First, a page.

When it comes to bathing, it’s just a little more work during the winter. Bathe your partner as usual, but then thoroughly towel-dry him/her. If necessary, use a hair dryer on low heat, and keep it away from their nose and ears. You wouldn’t take a shower and then walk out into the freezing weather all wet would you? Don’t do that to your partner.
Just as you would any other time of year, maintain your equipment. Frequently inspect all your leads, harnesses and collars for damage. If a piece of equipment is overly worn or damaged, take it out of service if necessary and replace it. If it is still serviceable, then clean it according to manufacturer’s guidelines. I’m not a fan of nylon leads or collars, especially during winter months. They soak up moisture and freeze. This is not comfortable for your canine and makes the leads less workable. I prefer leather leads; although they may stiffen up from the cold, they will still be flexible.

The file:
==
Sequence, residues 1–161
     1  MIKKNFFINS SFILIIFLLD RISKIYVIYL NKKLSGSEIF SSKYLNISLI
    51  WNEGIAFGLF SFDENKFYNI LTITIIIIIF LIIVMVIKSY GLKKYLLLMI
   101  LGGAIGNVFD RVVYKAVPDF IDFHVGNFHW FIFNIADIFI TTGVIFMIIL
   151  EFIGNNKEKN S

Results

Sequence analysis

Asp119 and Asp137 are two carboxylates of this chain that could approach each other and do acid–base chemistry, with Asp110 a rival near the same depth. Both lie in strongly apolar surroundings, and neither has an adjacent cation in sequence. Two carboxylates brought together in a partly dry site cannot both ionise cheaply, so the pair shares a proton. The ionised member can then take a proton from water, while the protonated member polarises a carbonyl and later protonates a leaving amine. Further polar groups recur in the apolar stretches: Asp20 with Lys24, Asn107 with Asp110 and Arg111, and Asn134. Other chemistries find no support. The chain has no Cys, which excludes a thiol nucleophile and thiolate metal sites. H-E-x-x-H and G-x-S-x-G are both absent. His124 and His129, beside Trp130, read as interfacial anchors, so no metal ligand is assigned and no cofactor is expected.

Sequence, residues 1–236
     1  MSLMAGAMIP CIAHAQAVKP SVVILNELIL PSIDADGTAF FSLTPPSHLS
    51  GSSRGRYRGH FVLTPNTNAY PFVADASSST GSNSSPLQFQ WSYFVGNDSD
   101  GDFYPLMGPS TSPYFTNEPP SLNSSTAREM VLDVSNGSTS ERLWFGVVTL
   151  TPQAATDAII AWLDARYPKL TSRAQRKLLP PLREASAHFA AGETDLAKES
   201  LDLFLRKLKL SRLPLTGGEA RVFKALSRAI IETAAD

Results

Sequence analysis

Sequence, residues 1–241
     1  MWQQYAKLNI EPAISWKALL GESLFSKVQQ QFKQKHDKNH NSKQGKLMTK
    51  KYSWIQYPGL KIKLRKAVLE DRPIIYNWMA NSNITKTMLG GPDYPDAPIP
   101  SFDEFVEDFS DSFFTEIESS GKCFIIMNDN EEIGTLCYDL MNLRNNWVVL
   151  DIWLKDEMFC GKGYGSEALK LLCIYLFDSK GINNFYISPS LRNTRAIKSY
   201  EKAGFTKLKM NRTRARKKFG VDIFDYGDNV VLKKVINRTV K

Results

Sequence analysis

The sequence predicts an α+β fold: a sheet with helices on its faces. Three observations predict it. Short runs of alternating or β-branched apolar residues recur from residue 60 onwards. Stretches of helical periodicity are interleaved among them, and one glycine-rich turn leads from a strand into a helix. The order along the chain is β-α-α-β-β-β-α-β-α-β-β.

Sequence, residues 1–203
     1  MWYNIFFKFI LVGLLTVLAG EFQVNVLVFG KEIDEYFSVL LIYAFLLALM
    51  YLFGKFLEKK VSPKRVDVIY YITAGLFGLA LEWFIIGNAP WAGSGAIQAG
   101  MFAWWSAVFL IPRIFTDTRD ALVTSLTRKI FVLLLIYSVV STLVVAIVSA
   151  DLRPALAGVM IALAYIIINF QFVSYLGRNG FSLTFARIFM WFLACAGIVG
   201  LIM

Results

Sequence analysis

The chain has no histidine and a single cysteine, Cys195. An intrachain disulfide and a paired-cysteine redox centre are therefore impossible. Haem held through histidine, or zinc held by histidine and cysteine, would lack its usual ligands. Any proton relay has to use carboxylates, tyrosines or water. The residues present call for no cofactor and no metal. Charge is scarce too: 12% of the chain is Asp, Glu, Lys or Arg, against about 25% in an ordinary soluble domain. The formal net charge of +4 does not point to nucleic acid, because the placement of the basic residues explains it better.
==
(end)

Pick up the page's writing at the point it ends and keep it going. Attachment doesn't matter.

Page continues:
One last tip that everyone should do for the protection of all small animals. As you approach your vehicle, look for paw prints. Many small animals, whether they be cats, skunks, etc, will be looking for a warm place to hide from the elements. The engine puts off a lot of heat for a while after it is shut off, so it isn’t uncommon for a small animal to sleep in the engine compartment of a vehicle. If you see paw prints, make some noise, bang on the hood to scare them away, and if necessary, open the hood and check for any animals. Just be warned, it could be a skunk, so don’t get sprayed.
Have a warm and healthy winter.